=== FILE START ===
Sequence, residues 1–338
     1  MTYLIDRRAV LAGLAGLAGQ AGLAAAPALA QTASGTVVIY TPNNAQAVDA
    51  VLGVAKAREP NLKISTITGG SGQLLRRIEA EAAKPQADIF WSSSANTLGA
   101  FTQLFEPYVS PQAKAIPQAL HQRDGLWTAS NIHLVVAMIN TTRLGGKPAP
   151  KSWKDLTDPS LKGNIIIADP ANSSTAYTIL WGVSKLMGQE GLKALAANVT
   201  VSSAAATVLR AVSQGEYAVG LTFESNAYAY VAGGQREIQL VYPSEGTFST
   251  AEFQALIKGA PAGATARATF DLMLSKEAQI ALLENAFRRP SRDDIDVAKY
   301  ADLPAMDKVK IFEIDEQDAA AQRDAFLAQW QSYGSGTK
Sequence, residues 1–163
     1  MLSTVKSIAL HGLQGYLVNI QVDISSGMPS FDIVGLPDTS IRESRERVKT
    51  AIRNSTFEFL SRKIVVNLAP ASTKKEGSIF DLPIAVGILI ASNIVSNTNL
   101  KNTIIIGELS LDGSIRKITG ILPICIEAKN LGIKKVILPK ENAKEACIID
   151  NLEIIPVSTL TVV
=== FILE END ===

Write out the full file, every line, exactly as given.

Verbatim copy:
Sequence, residues 1–338
     1  MTYLIDRRAV LAGLAGLAGQ AGLAAAPALA QTASGTVVIY TPNNAQAVDA
    51  VLGVAKAREP NLKISTITGG SGQLLRRIEA EAAKPQADIF WSSSANTLGA
   101  FTQLFEPYVS PQAKAIPQAL HQRDGLWTAS NIHLVVAMIN TTRLGGKPAP
   151  KSWKDLTDPS LKGNIIIADP ANSSTAYTIL WGVSKLMGQE GLKALAANVT
   201  VSSAAATVLR AVSQGEYAVG LTFESNAYAY VAGGQREIQL VYPSEGTFST
   251  AEFQALIKGA PAGATARATF DLMLSKEAQI ALLENAFRRP SRDDIDVAKY
   301  ADLPAMDKVK IFEIDEQDAA AQRDAFLAQW QSYGSGTK
Sequence, residues 1–163
     1  MLSTVKSIAL HGLQGYLVNI QVDISSGMPS FDIVGLPDTS IRESRERVKT
    51  AIRNSTFEFL SRKIVVNLAP ASTKKEGSIF DLPIAVGILI ASNIVSNTNL
   101  KNTIIIGELS LDGSIRKITG ILPICIEAKN LGIKKVILPK ENAKEACIID
   151  NLEIIPVSTL TVV